Canada’s shady stem cell clinics

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Mesenchymal stem cells being injected into knee of patient. Image credit: Alice Pien

Doctors selling dubious stem cell treatments isn’t just a problem in the U.S., suggests a new study published in Regenerative Medicine. Clinics in Canada are also marketing these treatments directly to consumers, the study found, and seemingly misleading them about their benefits and risks.

For his latest study, [bioethicist Leigh] Turner conducted an internet search of Canadian businesses directly marketing and providing stem cell treatments to online consumers within the country.

On the websites of these 30 stem cell businesses, 26 promised to help people with muscular and skeletal problems; 23 promoted stem cells for pain relief, and 14 said they would help with sports-related injuries, according to the study. Turner also found these businesses often claim that their treatments can regenerate people’s damaged tissues, joints and bones, provide years of or even permanent pain relief, and treat otherwise incurable health problems. But few, if any, of these claims, are backed up by clinical data.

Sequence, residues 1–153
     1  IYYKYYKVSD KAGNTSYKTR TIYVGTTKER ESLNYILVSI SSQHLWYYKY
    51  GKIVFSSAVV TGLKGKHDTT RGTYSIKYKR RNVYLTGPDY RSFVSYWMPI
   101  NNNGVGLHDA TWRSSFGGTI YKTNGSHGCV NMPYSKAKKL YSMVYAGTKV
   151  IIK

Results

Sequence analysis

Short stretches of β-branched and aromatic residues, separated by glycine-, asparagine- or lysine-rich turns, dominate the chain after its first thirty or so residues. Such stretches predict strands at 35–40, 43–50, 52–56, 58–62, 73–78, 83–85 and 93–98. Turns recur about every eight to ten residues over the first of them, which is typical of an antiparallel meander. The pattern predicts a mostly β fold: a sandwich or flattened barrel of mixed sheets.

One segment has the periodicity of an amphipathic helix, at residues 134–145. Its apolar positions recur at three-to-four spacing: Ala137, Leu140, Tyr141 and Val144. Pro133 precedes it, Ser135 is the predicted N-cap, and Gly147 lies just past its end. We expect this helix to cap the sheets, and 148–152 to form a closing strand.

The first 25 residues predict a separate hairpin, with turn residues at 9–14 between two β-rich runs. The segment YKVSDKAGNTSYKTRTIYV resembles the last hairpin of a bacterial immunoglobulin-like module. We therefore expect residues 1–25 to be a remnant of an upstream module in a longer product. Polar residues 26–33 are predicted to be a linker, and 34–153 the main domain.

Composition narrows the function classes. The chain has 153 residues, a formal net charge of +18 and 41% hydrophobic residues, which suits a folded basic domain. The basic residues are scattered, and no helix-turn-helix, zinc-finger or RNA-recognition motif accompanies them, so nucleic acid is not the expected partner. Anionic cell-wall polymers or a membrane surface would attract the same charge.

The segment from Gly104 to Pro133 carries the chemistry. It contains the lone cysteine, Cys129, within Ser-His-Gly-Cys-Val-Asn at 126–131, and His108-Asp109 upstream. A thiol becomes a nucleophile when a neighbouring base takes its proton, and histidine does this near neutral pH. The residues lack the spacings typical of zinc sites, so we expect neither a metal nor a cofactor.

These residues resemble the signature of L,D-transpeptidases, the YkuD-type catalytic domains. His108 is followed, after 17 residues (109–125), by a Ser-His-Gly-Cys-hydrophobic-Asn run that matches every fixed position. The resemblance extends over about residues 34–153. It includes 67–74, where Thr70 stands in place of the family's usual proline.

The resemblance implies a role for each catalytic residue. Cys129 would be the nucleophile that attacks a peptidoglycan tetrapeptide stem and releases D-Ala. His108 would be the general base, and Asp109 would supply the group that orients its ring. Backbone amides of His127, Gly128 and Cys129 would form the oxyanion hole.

Related article:  Biotech industry fears Canada's uncertain CRISPR crop rules will slow farming innovation

Turner found no evidence that counterpart agencies such as Health Canada have taken any disciplinary actions against these businesses or doctors employed at their clinics.

“I do not know why Canadian federal and provincial regulatory bodies have not taken a more aggressive response to businesses marketing unlicensed and unproven stem cell products,” he said. “However, I would like to see them engage in more robust regulatory activity.”

Read full, original post: Canadian Clinics Are Selling Shady Stem Cell Treatments, Study Finds

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